Bulldog Ealing Exiles 10

By | February 6, 2018

A great game played in good spirit from both sides in atrocious conditions.

 

With Northolt having cried off mid week, Colin sorted a friendly fixture with our old friends Ealing Exiles, who we beat just before Christmas. The other team available for a game were Whitton Lions, so no doubt Colin thought long and hard for approximately one millisecond before choosing the former.

 

Unfortunately, we struggled for numbers all week, and our 15 became 13 on the day owing to a few players having to cry off with work and childcare commitments.

 

We did the sensible thing and stayed in the changing rooms until approx. 5 minutes before kick off because it was too cold. And rainy.

 

Upon getting to the pitch, I had a word with the Exiles Captain Jez (nice bloke) and explained our situation to him and the hilarious Munster Man John – our ref for the day. Jez immediately offered to slightly even up the numbers by calling for “Colonel”, who introduced himself by explaining that he has a heart condition and at various points in the game he might go a little quiet but just to ignore him – he’ll just be trying to sort out his heart arrhythmia. John nodded sympathetically and it struck me once again the sort of exalted company we keep at the club – you couldn’t make it up.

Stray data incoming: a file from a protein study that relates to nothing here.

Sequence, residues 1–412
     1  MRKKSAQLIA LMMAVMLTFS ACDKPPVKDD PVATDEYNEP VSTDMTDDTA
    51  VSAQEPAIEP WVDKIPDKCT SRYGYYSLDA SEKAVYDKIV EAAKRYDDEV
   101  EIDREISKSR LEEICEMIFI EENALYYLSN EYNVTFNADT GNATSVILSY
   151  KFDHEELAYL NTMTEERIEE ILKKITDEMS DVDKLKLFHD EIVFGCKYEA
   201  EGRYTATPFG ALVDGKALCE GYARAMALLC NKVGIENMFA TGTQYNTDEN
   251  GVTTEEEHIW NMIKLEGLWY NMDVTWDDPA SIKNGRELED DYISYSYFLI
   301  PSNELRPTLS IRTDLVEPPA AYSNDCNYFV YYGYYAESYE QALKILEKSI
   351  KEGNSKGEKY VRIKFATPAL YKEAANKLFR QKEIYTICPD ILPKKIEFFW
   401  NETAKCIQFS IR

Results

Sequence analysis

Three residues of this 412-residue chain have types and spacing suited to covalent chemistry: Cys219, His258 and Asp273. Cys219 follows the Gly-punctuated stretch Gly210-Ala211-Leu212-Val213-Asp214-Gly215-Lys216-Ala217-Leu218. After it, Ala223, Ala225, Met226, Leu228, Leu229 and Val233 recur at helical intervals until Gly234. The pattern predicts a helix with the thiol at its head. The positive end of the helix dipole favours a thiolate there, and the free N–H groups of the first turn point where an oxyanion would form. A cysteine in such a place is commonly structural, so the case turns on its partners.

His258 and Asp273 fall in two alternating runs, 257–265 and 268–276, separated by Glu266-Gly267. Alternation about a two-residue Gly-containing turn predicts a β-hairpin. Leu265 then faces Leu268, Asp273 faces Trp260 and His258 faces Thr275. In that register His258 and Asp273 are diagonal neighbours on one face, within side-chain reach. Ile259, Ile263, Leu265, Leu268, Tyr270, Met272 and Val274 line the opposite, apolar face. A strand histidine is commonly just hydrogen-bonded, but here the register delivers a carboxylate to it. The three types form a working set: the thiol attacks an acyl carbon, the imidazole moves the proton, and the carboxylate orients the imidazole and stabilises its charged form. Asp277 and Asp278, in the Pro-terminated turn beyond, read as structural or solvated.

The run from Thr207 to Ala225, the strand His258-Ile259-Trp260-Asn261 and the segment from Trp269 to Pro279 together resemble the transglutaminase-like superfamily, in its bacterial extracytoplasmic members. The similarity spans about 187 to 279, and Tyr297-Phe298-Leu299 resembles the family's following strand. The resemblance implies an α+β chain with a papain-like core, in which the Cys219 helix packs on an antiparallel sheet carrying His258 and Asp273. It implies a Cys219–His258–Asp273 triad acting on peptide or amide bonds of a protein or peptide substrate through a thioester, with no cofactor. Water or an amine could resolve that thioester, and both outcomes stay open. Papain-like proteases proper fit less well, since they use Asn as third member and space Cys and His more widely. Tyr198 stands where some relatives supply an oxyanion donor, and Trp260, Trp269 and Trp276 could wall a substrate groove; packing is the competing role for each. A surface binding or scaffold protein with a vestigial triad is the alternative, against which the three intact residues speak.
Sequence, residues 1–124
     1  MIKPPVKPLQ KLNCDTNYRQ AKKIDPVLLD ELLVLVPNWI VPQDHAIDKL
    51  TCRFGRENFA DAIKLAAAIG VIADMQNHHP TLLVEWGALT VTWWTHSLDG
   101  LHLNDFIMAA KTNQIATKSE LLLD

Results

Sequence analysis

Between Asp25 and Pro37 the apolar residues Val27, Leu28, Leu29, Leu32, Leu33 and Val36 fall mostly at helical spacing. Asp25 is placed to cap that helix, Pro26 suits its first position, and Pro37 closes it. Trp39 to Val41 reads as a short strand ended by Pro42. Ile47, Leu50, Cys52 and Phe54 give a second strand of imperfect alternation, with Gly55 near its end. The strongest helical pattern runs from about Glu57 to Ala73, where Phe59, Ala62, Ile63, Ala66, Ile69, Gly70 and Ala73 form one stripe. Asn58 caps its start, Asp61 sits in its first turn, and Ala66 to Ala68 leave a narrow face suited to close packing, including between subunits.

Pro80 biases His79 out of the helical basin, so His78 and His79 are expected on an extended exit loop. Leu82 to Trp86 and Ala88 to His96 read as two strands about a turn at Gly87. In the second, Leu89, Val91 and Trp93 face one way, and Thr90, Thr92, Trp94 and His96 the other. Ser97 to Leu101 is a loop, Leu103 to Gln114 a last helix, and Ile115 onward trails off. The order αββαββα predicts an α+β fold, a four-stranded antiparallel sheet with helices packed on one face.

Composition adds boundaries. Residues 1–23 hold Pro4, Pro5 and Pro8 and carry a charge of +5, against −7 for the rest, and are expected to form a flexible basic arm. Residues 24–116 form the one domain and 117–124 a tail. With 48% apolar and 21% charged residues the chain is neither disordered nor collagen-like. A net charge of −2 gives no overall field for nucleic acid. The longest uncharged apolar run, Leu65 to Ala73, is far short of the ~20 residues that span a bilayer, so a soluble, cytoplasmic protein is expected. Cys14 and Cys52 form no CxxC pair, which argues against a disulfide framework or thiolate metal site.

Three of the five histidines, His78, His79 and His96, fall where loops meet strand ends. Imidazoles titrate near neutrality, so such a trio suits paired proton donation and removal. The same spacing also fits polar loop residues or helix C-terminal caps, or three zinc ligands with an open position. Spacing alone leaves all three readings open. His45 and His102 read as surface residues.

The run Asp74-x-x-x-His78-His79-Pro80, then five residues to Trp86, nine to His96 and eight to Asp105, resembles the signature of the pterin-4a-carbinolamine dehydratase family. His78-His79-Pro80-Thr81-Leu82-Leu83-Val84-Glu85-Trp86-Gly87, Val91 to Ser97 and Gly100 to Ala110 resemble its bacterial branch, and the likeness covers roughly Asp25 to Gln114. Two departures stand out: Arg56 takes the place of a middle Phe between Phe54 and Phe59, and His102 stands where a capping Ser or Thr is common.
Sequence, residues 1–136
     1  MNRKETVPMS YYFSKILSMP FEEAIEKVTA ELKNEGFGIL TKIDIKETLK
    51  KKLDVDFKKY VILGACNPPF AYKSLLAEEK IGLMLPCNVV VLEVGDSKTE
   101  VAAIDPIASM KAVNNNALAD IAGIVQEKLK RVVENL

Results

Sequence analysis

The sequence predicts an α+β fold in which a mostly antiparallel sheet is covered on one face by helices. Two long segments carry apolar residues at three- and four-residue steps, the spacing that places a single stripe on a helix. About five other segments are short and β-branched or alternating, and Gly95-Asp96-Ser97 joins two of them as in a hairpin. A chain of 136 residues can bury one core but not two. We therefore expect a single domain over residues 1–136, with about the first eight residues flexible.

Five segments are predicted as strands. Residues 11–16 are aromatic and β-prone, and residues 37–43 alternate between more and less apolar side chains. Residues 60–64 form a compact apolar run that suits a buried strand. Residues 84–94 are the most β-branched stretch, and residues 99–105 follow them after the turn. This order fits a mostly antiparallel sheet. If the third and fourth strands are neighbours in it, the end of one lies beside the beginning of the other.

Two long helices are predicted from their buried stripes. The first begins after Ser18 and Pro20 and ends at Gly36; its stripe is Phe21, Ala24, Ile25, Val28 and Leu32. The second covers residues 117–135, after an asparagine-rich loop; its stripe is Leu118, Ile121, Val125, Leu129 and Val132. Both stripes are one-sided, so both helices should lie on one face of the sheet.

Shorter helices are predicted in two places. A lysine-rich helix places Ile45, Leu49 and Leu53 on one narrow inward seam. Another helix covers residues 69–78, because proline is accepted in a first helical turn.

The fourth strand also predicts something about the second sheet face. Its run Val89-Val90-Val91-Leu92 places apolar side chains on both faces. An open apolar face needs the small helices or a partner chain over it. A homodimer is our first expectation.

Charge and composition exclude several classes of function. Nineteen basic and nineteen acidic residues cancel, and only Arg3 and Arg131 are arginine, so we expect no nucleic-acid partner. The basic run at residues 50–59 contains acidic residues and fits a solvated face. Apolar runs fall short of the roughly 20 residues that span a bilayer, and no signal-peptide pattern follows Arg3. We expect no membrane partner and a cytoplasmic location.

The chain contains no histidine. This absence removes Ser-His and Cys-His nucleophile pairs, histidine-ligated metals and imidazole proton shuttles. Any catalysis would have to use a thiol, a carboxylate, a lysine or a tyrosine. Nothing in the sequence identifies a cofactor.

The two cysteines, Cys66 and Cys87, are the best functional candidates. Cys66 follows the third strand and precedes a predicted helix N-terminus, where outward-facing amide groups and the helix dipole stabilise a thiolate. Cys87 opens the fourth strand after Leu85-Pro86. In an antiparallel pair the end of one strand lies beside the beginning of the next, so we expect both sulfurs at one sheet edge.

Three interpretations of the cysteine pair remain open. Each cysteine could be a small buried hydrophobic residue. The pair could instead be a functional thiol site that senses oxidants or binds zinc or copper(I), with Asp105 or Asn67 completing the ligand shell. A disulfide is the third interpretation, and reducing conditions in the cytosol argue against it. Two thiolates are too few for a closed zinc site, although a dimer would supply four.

30 minute halves were agreed, with the ref, who was swaddled in wet weather gear and wearing a Munster Beanie hat, imploring us to kick off as soon as possible because “It’s fecking freezing and I’ve got to drive back to Ascot for the Ireland game.” Pure class.

 

With Ealing having arrived with 16 on their team sheet therefore, we played the first half a man down, but you really wouldn’t have known it. The fact that the pitch resembled a first World War Flanders bog made our playing strategy a no brainer from the start. Not much point kicking as the ball just dies on its arse, so we might as well try running it from everywhere. The fact that several of their forwards clearly couldn’t remember the last time they’d ever missed a McDonald’s drive thru also informed our decision.